8. Point No. 3 :—The contention of the respondent owner is that cause of action of the deceased Abdul Razzaque for the claim based on physical and mental injuries did not survive to his legal representatives as it was entirely a personal claim which could not survive after his death and the cause of action died with him. Reliance is placed on the old English Common Law maxim “actio personalis mortur cum persona” and section 306 of the Indian Succession Act (the IS Act) which reads thus :—

“306. All demands whatsoever and all rights to prosecute or defend any action or special proceeding existing in favour of or against a person at the time of his decease, survive to and against his executors or administrators; except causes of action for defamation, assault as defined in the Indian Penal Code, or other personal injuries not causing the death of the party; and except also cases where after the death of the party, the relief sought could not be enjoyed or granting it would be nugatory Illustrations
(ii) A collision takes place on a railway in consequence of some neglect or default of an official, and a passenger is severely hurt, but not so as to cause death. He afterwards dies without having brought any action. The cause of action does not survive.
(ii) A sues for divorce. A dies. The cause of action does not survive to his representatives”.
Against the backdrop of very peculiar set of facts of the case, we find it wrong and unjust to non suit the heirs of the deceased on this ground. In the first place the said maxim is criticized even in the country of its origin as unjust, obscure in its origin, inaccurate in its expression and often resulting into grave injustice. Indian Courts have generally taken a view that the maxim should not be applied as a part of our law except of course where specifically engrafted in a statute and that the principles of justice, equity and good conscience should be followed. See Bhupendra v. Chandarmani . It was anamolous that while action could be maintained by an injured against a wrong does for causing injury, (and not death) no such action was permissible after his death. This anomoly was sought to be removed in England by the Law Reforms Act and Fatal Accidents Act. Soon thereafter even in Indian on similar lines the Legal Representatives Suits Act and the Indian Fatal Accidents Act were enacted as a result certain causes of action under tort were made to survive and be available to the legal heirs. Section 1-A of the Indian Fatal Accidents Act created special rights in favour of a class of defendants.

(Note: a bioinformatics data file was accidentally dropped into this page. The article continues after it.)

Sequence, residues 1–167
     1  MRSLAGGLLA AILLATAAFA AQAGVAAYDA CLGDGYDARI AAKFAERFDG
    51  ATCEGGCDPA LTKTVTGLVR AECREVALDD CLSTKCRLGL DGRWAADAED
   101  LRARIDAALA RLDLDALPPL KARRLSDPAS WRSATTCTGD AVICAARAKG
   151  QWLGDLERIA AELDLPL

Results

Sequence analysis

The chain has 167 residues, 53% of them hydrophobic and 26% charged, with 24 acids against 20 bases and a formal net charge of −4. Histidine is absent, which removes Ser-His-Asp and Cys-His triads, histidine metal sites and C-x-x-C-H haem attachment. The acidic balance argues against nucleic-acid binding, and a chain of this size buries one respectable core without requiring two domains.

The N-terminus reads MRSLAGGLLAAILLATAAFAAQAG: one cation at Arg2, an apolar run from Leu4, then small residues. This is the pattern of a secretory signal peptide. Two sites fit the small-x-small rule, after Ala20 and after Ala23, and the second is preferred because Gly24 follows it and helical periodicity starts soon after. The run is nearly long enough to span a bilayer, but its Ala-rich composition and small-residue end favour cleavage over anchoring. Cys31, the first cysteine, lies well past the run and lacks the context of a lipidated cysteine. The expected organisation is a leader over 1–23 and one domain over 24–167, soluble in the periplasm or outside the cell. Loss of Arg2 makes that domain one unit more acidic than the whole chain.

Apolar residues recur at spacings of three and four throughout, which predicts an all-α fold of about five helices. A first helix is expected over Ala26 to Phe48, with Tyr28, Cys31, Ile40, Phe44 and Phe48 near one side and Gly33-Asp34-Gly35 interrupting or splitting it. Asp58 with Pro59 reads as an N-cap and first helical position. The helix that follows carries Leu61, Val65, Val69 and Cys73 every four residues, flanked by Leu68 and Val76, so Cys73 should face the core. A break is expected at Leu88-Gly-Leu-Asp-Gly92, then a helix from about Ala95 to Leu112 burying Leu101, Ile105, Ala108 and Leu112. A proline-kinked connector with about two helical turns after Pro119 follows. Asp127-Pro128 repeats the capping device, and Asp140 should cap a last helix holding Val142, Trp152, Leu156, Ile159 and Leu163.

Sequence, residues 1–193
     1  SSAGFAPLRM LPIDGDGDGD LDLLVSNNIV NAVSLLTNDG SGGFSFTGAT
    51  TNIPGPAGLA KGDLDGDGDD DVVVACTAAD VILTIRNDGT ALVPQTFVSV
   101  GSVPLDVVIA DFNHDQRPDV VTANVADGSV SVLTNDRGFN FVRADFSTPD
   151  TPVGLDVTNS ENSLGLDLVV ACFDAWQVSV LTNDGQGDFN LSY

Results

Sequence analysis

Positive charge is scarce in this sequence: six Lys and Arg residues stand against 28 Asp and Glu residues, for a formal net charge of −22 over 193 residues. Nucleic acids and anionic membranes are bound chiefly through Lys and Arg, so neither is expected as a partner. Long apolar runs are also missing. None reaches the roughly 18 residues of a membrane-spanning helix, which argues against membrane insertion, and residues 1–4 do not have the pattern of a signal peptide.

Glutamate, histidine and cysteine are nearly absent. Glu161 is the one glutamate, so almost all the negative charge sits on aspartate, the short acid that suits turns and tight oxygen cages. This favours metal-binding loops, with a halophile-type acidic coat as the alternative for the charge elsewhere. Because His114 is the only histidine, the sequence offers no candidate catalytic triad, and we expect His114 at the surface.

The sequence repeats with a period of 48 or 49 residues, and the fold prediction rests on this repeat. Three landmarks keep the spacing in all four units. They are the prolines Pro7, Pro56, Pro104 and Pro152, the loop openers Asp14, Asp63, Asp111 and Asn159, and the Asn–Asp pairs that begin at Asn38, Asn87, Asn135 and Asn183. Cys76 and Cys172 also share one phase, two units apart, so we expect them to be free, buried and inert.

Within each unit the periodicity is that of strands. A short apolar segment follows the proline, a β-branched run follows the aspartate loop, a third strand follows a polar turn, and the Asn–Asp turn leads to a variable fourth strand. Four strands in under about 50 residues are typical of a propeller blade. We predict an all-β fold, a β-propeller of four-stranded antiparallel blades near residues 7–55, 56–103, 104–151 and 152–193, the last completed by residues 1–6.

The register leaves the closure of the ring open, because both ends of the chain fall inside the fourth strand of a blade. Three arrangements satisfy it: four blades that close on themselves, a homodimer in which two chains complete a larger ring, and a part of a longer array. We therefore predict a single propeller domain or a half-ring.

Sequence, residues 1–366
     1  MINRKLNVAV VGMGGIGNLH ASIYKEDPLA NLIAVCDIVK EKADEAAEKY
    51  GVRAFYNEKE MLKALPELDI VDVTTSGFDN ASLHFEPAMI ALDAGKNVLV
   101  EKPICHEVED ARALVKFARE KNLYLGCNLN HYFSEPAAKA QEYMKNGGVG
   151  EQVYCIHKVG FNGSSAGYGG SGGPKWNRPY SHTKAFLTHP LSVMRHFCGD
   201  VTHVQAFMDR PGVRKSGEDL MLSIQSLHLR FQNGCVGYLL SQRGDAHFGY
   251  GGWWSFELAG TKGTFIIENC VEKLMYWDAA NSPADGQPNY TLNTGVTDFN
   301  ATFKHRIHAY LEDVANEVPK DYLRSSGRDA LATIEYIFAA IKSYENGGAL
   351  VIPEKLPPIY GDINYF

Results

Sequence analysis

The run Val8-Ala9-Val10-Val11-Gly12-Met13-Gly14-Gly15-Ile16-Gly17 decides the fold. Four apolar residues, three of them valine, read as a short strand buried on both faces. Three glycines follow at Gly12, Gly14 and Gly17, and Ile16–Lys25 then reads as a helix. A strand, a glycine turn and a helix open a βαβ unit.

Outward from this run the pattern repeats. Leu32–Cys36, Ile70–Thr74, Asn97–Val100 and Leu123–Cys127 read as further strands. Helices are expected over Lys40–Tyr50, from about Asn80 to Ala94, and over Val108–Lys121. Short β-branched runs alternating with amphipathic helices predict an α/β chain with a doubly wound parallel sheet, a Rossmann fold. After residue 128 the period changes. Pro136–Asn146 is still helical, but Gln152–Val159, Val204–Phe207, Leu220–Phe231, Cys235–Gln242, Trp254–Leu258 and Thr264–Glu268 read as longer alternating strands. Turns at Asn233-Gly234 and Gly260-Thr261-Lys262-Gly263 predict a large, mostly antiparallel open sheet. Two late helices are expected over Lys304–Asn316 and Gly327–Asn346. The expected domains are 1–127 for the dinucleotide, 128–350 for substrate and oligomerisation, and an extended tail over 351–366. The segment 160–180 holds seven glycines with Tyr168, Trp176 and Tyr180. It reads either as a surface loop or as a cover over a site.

9. Unending rush or motor vehicles on the road and constant increase of their use as a mode of transport posed a constant threat of death, and injury to persons as well as property. The long drawn and expensive process of a civil suit was considered too inadequate to render quick justice demanded by the situation. A new forum was therefore created under the M.V. Act by inserting section 110-A to 110-F. Section 110-A(1)(a) entitled an injured person to make a claim for injury sustained by him. Injury includes all species of injuries, injury to property not excluding. Newly added sub-clause (aa) permits for damages to the property by the owner. It is thus clear that even the legal representatives can claim damages for loss to the estate of the deceased. It is difficult to see as to why an action initiated by an injured for damages on account of loss to his property should not be made to survive to his legal representatives on his death pending an action already launched by him.

10. Assuming that section 306 of the IS Act is attracted in the case of legal heirs (and is not confined only to executors or administrators) illustration (i) to the said section gives indication that the provision is not attracted once an action is brought. In the instant case the death is not only after the action is brought but after an “award” contemplated under section 110-B is passed. There can be no manner of doubt that even a total rejection of a claim is an “award”. The term “award” is not defined under the MV Act but it quite obviously and plainly means a judgment. In the instant case, the award has not resulted into dismissal of a claim. Compensation is awarded under various heads noticed earlier, to the satisfaction of the injured in his life time against a wrong doer. The injured was not satisfied with findings that (1) no vicarious liability arose and (ii) insurer was absolved in terms of the policy of insurance. The injured merely challenged those findings in the present appeal and during its pendency unfortunately he died. The case of Pulin Beharilal v. Narendrakumar, A.I.R. 1971 Tripura 483 has taken a view that section 306 of the IS Act does not apply once a cause of action has merged into a decree of Court and death of a party will not per se nullify a decree.

11. There is yet another angle to the point. As rightly held in the case Meghjibhai v. Chandubhai, 1978 Guj.L.R. 216 the MV Act is a benevolent legislation which calls for liberal and broad interpretation so that real object underlying sections 110 to 110-F is achieved. Thus, if any doubt exists on the construction of a statute its benefit must be given to the claimant for whose benefit the law has been made.

12. We have therefore no hesitation to conclude that the cause of action had survived to the legal representatives and this point has to be answered in the affirmative and in favour of the appellants legal representatives.

13. To conclude, appeal dismissed on merits though maintainable in law. No order as to costs.